Kew rediscovers Bromus

Seed bank finds near-extinct grass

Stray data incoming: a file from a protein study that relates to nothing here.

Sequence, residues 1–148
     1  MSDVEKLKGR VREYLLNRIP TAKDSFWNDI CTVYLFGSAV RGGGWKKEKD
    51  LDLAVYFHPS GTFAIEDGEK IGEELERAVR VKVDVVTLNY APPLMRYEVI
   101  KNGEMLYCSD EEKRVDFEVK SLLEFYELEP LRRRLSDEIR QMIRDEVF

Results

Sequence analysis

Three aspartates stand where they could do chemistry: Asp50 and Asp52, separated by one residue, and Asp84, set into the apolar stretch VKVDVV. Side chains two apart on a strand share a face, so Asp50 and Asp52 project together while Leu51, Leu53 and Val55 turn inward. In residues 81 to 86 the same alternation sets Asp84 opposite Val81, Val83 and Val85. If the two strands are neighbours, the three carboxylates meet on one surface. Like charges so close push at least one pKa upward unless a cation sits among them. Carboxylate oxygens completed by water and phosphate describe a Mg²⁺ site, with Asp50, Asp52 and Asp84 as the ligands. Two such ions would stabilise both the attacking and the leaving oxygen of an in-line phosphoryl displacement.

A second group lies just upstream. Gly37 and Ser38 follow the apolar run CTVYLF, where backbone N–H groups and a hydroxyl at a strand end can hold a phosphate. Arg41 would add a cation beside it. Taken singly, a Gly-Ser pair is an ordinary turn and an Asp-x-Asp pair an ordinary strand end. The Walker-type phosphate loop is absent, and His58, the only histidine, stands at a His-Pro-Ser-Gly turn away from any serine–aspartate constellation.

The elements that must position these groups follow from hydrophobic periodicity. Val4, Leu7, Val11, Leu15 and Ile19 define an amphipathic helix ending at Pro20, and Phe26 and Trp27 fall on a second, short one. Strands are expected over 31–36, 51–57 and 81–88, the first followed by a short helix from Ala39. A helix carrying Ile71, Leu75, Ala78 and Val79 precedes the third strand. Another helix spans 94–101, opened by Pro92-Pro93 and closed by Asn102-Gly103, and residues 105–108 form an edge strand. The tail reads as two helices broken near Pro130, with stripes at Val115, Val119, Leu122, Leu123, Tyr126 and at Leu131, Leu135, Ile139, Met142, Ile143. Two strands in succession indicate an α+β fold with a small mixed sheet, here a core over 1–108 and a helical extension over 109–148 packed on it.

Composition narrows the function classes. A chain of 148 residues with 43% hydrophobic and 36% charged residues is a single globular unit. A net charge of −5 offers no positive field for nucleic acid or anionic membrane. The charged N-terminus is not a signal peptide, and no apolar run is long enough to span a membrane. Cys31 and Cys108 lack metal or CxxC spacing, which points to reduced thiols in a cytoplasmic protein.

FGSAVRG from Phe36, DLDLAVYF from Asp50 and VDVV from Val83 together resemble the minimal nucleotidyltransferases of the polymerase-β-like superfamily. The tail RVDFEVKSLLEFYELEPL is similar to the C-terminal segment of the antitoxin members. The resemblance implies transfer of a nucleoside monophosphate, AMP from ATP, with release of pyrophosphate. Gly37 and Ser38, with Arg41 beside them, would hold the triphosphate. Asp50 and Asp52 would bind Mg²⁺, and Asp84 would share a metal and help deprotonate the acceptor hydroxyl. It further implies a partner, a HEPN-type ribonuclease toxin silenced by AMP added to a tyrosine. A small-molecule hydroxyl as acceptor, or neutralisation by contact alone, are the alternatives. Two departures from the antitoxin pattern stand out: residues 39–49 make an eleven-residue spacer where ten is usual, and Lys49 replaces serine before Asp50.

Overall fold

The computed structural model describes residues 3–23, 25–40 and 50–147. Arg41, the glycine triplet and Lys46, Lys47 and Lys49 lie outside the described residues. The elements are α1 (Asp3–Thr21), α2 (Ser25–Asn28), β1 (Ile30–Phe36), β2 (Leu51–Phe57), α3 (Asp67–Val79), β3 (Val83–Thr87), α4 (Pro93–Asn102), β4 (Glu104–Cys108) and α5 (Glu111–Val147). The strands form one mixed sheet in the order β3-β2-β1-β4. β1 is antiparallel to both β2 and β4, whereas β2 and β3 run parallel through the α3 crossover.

Joint work by the Royal Botanic Gardens, Kew’s seed bank at Wakehurst Place and the National Botanic Garden of Belgium has brought a Belgian grass back from the brink of extinction. Bromus bromoideus had not been seen for 70 years in Belgium and horticulturists had lost hope of seeing the grass again. But recently discovered seeds from a Belgian seed bank have seen it come back to life. Kew’s Millennium Seed Bank head of curation Simon Lilington said: “This shows that modern seed banking is a vital tool for conservation.” This operation has been one of the first successes of ENSCONET, the European conservation network funded by the EU. National Botanic Garden of Belgium glasshouse collections scientist Dave Aplin said: “It is estimated that two thirds of the world’s plant species are in danger of extinction. To have the opportunity to bring one back from the brink is fantastic.”

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